Tuesday, June 29, 2010

G20 protesters: Boxed in

On Sunday morning, strolling past Toronto Police Headquarters (two minutes away from where I live), I struck up a conversation with a police constable.  Why, I asked him, did the police not protect property during the G20 disturbances of the previous day?  He replied, quite reasonably, that the police did not want to risk bodily harm to protect windows.  They would have intervened if people had been at risk.  Nobody was harmed, he pointed out, nor was anybody placed under that threat.

That sounded right.  But it was an odd echo of something a rioter from the notorious "Black Block" told the Globe and Mail: "We're not violent," he said, "all we damaged was property -- not a single person was hurt."  (That might sound a tad disingenuous: what would have happened if police had tried to arrest one of the rioters while he was smashing a window with a hammer? -- But let's not chase the thought down that hole.)  Ironically, the scary rioter was making the same distinction as my charming constable acquaintance.  Hurting property is different from hurting people.  Morally different.

Here is another head-scratcher from that Sunday.  A lot of people, including some suspected of carrying dangerous weapons, were milling around in the vicinity of Queen and Spadina.  (See below.)  Police suspected some of these people of carrying nasty items, such as Molotov cocktails.  So they told everybody they had to go, unless detained.  The crowd didn't disperse.  So the police boxed the crowd in -- presumably, they wanted to hold the malfeasant types in until they were ready to be inspected without resisting.  Problem is they held the whole crowd there for several hours in the pouring rain, until they could be inspected, and then detained or released.  Many of the people in the box were peaceful and legitimate protesters; one was a freelancer working for the Guardian newspaper in London. (I really do not want to say that the Guardian's coverage of the Vancouver Olympics makes it ok to punch their journalists in the stomach -- but I confess the thought did cross my mind.)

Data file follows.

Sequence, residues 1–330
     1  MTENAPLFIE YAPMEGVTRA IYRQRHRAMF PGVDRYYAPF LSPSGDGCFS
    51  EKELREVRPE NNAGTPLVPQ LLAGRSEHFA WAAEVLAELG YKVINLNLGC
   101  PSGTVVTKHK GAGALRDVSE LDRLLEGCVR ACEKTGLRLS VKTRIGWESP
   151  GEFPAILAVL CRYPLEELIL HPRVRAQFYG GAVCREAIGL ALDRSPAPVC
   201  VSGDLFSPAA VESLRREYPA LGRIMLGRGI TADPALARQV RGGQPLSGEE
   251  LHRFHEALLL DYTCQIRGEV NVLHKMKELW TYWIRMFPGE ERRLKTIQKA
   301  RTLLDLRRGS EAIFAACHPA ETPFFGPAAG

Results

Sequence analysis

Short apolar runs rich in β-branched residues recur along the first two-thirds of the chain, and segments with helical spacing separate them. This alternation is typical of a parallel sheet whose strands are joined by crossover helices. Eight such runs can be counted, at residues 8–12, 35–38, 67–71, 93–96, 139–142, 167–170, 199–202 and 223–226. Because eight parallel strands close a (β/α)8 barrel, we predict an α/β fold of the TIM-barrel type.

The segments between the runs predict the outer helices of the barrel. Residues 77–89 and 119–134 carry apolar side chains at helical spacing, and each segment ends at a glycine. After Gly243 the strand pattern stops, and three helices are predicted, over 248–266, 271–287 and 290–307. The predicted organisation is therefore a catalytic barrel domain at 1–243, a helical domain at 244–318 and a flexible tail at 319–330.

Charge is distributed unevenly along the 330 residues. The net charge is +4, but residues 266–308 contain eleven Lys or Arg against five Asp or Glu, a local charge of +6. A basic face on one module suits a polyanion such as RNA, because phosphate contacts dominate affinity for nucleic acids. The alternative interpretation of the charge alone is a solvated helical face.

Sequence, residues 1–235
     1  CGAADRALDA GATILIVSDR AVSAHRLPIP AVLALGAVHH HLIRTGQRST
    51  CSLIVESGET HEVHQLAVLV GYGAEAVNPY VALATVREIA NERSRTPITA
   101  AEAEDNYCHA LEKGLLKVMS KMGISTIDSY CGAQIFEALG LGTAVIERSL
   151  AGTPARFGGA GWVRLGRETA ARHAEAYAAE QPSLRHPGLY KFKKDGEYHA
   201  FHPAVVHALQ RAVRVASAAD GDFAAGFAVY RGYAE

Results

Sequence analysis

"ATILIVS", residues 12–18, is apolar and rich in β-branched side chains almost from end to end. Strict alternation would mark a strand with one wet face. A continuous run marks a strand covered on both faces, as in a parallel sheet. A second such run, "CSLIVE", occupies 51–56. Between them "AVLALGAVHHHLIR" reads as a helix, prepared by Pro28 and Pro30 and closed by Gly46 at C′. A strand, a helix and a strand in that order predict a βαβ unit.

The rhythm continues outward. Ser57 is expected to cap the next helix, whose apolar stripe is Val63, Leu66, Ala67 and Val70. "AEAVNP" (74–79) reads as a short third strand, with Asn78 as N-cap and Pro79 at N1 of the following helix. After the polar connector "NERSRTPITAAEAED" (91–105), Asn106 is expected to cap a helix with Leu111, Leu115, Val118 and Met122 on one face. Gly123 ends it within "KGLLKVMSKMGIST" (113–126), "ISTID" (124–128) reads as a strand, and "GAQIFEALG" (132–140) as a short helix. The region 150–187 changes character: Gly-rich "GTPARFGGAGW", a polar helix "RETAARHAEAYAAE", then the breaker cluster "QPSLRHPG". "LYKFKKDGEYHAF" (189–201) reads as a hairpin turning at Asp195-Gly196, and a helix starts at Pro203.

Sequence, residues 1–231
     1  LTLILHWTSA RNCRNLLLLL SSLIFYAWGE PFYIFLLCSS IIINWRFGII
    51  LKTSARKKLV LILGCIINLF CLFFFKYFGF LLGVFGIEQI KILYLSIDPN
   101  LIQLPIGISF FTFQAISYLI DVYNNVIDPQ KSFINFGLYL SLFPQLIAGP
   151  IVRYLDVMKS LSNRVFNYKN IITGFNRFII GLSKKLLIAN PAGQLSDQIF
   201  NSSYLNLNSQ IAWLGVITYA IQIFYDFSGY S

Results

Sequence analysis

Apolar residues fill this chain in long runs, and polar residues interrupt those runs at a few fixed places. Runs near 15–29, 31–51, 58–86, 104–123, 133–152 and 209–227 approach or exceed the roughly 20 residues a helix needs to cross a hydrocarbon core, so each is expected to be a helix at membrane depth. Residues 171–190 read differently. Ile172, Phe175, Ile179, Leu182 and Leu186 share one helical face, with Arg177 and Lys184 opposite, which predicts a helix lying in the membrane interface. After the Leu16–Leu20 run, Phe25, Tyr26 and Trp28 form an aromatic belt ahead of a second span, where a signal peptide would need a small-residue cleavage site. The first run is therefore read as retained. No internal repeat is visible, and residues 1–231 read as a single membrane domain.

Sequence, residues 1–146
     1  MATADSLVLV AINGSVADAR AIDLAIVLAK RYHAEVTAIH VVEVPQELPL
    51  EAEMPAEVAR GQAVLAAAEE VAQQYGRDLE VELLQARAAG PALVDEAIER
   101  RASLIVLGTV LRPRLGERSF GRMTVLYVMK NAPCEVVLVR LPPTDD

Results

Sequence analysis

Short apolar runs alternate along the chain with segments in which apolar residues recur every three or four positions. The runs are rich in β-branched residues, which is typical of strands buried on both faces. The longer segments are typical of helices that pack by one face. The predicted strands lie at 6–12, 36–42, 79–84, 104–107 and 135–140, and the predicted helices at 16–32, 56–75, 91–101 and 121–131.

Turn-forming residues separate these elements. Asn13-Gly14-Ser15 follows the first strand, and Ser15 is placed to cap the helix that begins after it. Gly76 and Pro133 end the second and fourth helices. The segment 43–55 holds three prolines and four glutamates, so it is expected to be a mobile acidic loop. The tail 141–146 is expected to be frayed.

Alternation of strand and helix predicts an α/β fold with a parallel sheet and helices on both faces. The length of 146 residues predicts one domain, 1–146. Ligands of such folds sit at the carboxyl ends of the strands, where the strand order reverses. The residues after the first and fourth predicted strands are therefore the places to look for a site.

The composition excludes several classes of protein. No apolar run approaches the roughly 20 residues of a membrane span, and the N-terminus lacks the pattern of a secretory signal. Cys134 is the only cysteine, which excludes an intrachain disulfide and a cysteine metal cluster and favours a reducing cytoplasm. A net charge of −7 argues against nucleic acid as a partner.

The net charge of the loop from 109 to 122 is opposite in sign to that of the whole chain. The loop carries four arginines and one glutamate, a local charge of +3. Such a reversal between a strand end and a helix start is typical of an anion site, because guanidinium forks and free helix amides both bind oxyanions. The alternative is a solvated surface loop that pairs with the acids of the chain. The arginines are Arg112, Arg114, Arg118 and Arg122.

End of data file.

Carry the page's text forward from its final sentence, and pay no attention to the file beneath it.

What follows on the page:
Now, here's the question.  Were those who were not charged illegally detained? Were their civil rights violated?


I don't know anything about the law.  But here's what puzzles me.  The police claim that the crowd was ordered to disperse.  Suppose this is true.  Then, supposing that the order was delivered audibly, clearly, and repeatedly, not dispersing puts you in risk of some coercive action.  So on this scenario, some of the people in the box knowingly disobeyed an order given by peace officers.  They could not find their way out of a place that they had been told to vacate.  Look: if you wander into a place where there is a clearly posted Keep Out sign, you can't really complain.  Maybe the person who put the sign there had no right to -- but surely the police do have a right to ask citizens not to interfere with their actions.  (Hell, they do that every time I venture out onto an expressway in Toronto.  There's always some "investigation" that lasts for hours and backs the Gardiner up forever.)